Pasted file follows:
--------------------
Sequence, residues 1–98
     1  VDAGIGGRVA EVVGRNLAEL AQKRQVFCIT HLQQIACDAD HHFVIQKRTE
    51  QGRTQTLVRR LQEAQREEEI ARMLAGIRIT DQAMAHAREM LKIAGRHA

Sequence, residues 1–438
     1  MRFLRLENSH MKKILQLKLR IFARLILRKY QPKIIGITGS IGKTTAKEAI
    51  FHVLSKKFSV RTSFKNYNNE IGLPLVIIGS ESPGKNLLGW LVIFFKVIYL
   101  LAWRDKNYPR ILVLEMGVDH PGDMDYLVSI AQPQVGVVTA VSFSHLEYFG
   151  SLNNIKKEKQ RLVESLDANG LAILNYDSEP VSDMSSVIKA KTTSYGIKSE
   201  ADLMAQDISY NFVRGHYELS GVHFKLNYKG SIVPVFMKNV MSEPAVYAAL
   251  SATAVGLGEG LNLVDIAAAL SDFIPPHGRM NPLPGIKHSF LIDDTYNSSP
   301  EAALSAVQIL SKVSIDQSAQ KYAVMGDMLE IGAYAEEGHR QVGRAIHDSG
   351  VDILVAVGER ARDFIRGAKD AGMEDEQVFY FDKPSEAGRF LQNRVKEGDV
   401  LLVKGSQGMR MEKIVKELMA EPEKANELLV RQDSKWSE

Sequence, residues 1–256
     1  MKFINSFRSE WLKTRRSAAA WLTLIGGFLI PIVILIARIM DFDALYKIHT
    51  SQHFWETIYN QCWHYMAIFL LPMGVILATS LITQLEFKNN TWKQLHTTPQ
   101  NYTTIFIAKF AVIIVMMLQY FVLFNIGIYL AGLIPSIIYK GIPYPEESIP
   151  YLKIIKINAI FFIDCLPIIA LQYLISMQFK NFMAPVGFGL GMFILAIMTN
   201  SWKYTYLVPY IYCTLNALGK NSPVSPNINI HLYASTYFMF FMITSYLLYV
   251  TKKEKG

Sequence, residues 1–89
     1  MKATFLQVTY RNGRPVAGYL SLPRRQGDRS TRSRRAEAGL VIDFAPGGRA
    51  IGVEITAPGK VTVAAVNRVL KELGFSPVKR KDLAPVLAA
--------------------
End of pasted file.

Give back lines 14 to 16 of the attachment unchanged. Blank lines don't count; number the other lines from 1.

Sequence, residues 1–256
     1  MKFINSFRSE WLKTRRSAAA WLTLIGGFLI PIVILIARIM DFDALYKIHT
    51  SQHFWETIYN QCWHYMAIFL LPMGVILATS LITQLEFKNN TWKQLHTTPQ